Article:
Tupelo • To continue serving families in need across North Mississippi, Families First is stretching its resources.
“People still need us,” said Shelia Davis, program co-director in Lee County. “Our phones haven’t stopped ringing; our classes are still meeting.”
Families First, which grew out of the Family Resource Center of North Mississippi, provides services to families in 42 counties in the northern half of the state. In the last 12 months, Families First staff provided nearly 50,000 services to help families stabilize and thrive in the region.
The organization’s social workers connect families in crisis with resources through in-house programs and services throughout the community. Its centers offer literacy classes and an online high school program to help parents advance their education and better provide for children.
Kadijah Hearn of Verona said Families First has helped her be a better mother to her 4-year-old son, Kissiah.
“As a first-time mom, I was struggling to have time and space with my child,” said Hearn, who just graduated from the Toyota Family Program offered through Families First.
During the two years she was part of the program, Hearn learned how to better communicate with her son, so he in turn would be more confident about communicating at school.
“I’m so proud of how much he has grown,” Hearn said. “They really did a lot for me.”
However, changes in the organization’s funding have stressed its capacity.
In January, the federal shutdown disrupted the flow of block grants for Temporary Aid for Needy Families. The majority of the funding for Families First comes from TANF funds distributed through the Mississippi Department of Human Services.
Families First had to lay off 60 full-time and 75 part-time staff serving North Mississippi. The remaining staff took pay cuts. They temporarily closed 10 centers that were located in leased spaces. The organization, which provides services to 42 North Mississippi counties from 15 centers, currently has a staff of 110 full-time employees and 12 part-time employees.
After the shutdown ended, DHS funding restarted, but not at levels that would allow Families First to rehire the laid-off staff.
“They are funding us at a different level,” said executive director Christi Webb. “We have restructured.”
Webb referred questions about specific funding to DHS. The Daily Journal submitted questions per DHS policy, but has received no response.
Families First has been able to reopen the 10 centers that closed in spaces made available by the DHS and county supervisor boards. DHS executive director John Davis has been helpful during the difficult period, Webb said. Much of the staff who were laid off are social workers, Webb said. Most have been able to find new positions with DHS, Life Core, clinics and agencies around the region.
Individual donors and businesses have stepped up to help meet the needs of families.
“We really cannot thank the community for how much they’ve supported us in so many ways,” Webb said. “We wouldn’t be here without the community.”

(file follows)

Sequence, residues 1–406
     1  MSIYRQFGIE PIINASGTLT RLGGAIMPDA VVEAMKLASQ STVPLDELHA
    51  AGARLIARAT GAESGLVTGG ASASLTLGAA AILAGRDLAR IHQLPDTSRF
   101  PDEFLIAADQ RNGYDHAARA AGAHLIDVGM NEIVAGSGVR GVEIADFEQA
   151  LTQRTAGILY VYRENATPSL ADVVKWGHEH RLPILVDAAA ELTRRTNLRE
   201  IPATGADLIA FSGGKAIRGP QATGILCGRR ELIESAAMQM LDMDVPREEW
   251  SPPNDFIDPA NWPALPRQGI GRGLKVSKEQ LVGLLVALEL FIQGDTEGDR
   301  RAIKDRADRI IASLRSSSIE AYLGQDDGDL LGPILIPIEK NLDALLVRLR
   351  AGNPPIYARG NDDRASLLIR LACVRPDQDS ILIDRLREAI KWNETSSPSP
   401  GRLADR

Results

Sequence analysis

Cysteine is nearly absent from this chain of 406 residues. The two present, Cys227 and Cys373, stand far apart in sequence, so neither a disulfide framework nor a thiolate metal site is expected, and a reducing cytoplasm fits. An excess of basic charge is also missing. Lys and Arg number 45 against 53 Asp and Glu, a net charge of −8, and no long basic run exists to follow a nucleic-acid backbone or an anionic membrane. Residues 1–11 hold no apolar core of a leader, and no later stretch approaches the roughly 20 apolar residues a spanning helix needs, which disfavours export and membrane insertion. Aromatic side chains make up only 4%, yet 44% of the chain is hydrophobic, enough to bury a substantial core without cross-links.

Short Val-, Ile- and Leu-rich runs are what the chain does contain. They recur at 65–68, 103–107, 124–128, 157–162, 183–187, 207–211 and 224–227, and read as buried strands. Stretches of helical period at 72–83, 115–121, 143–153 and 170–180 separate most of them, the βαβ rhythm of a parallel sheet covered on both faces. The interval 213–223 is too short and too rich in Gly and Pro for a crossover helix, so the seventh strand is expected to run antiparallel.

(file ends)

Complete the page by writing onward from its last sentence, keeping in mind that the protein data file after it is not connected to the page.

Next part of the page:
The staff has been applying for grants and added a Paypal link to its website to help make it easier for individual donors to help, Webb said.
“We’re still hunting for funding to fill those holes,” Webb said.
More with less
Though with a smaller staff, Families First is continuing to serve the north half of the state.
“We are still doing all the things we’ve done with less people,” Shelia Davis said. “We continue to give people the tools, resources and connections to the community.”
For Families First, leveraging resources is part of the job, said Sandra Blanch, a Families First field educator who serves as the program coordinator for the Toyota Family Program.
“As social workers and field educators, we’re used to having to be creative,” Blanch said. “We’ve always had to do a lot with a little.”
It hasn’t been easy, but they’ve leaned on each other and the communities they’ve served to get things done.
“We have to remember what our mission is,” Blanch said. “We’ve supported each other.”
Families First uses a Generation Plus approach to helping families, Webb said. The organization focuses on education, economic support through workforce development, health and well-being.
Social workers provide case management for families. The centers offer classes covering family life skills, including parenting, healthy relationships and conflict resolution.
The programs reach thousands of people across the region. From May 2018 to April 2019, Families First provided more than 47,000 services.
The workforce development efforts are really essential to help families.
“We want to help people get a job and keep a job,” Webb said. “It makes the whole family more stable.”
The centers host online learning resources to help parents earn high school diplomas, with access to computers and trained teachers, Webb said. They assist foster parents with continuing education to meet certification requirements. They work with families in crisis, helping them connect with resources in the community. Its reentry and diversion programs help parents return to their families and a productive life after facing criminal charges.
The center is continuing its work to bring together community partners to address needs, like children having safe places to sleep. The Beds for Kids ministry, which was developed in partnership with area churches and is funded by private donations, has experienced tremendous growth, Webb said. In the last year, the program has built and distributed 200 beds. Since January, the program has received $20,000 in donations.
“It has taken off,” Webb said. “We deliver a bed every day.”
The center and its staff say they see the programs working and are committed to keeping them available.
“We’re here for people,” Davis said.